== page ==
yamahito, May 31 2002

       You'd just have to have an indignation sensitive parser.
bristolz, May 31 2002

       Thanks for all the support.
Tlogmer, Jun 01 2002

       I hate style sheets.   

       Another problem is that a lot of time, people who think they're being satirical end up being opaque, engendering lots of 'huh?'ness.
StarChaser, Jun 01 2002

       Solder melts at 185 degrees.
neelandan, Jun 01 2002

       This would not be able to handle more sophisticated literary devices, such as the technique of saying things which are simultaneously true and untrue, or conveying multiple layers of meaning. A good writer may say things with an ambiguous truthfulness to them without a particular notion of whether they're actually true or false, in the hope that the reader will consider both sides of an issue. And what appears to be a carefully-accurate report (something which appears to be true and accurate to many people e.g. a speech by George W. Bush) may be posted as something to be ridiculed for its small-mindedness and absurdity. Sorry, it's too early in the morning to come up with any good examples.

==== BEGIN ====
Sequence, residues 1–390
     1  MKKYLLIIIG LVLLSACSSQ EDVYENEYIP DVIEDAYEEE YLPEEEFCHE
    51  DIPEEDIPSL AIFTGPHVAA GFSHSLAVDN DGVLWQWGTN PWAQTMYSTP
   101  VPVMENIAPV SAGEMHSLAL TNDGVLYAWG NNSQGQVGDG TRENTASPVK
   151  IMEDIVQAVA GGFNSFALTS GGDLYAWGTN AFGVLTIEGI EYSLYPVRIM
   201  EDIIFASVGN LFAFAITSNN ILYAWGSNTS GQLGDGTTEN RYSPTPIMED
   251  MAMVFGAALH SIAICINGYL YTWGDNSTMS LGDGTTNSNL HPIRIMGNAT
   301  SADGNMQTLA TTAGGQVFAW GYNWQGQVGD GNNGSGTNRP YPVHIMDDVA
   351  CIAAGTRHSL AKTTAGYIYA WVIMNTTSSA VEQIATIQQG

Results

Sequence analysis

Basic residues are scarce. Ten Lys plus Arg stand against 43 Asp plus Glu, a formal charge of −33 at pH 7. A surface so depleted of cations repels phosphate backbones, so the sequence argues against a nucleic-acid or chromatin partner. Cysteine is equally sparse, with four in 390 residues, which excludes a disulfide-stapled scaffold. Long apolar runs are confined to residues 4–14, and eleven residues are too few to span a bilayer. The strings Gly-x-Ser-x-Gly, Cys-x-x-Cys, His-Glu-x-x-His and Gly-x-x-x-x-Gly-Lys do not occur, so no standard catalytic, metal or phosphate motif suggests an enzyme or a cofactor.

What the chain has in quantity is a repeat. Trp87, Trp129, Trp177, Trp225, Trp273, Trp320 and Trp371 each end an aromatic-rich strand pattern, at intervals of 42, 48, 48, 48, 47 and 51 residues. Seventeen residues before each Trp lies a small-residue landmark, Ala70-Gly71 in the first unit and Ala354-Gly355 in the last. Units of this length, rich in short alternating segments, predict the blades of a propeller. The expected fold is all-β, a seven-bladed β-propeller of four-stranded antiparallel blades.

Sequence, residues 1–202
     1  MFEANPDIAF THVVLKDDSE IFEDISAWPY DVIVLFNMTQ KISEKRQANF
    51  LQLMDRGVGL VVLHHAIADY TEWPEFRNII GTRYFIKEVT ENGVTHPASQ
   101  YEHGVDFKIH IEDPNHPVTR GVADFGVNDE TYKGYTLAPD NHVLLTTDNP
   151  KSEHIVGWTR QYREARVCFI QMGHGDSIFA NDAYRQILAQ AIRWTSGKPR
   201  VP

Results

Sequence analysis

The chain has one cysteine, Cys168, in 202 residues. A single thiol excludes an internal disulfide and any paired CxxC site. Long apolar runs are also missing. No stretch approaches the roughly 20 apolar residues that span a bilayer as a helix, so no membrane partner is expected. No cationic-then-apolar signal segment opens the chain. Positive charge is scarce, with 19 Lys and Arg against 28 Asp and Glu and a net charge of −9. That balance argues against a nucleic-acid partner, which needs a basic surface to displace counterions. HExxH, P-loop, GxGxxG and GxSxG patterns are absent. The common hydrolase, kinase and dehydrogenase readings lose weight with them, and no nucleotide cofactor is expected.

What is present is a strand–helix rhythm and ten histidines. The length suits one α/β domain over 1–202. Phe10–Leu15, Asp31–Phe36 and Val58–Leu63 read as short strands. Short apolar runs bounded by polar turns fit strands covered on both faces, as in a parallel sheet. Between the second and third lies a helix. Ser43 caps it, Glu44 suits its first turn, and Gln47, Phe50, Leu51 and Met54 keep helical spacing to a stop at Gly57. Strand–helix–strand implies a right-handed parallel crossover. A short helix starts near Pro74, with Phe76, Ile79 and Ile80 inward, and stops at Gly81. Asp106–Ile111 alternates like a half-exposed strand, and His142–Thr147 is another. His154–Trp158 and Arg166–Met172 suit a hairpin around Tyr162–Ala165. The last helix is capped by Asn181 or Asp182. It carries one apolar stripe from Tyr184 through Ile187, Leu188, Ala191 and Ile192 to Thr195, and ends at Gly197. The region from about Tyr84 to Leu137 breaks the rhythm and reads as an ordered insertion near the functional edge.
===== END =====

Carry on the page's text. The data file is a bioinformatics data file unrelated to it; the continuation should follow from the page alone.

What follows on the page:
Oh, and as StarChaser points out, there are a vast number of people who think they're writing satire, but are in fact just writing crap. Being shocking and offensive or just crazy is not the same as satire.
pottedstu, Jun 01 2002

       I'm usually one of the huhness victims.
bristolz, Jun 01 2002

       This isn't a detector, it's a (more realistic) marker or indicator. Rename the idea?
jutta, Jun 01 2002

       Would something like this work better for puns?
beauxeault, Jun 01 2002

thumbwax, Jun 02 2002

       ... and ice at 273.
neelandan, Jun 03 2002

       I was hoping this would be a system of justifying profits at retail over wholesale prices.
drew, Jun 03 2002

       This might actually be genuinely useful for some people on the autistic spectrum.
bibliotaphist, Aug 30 2007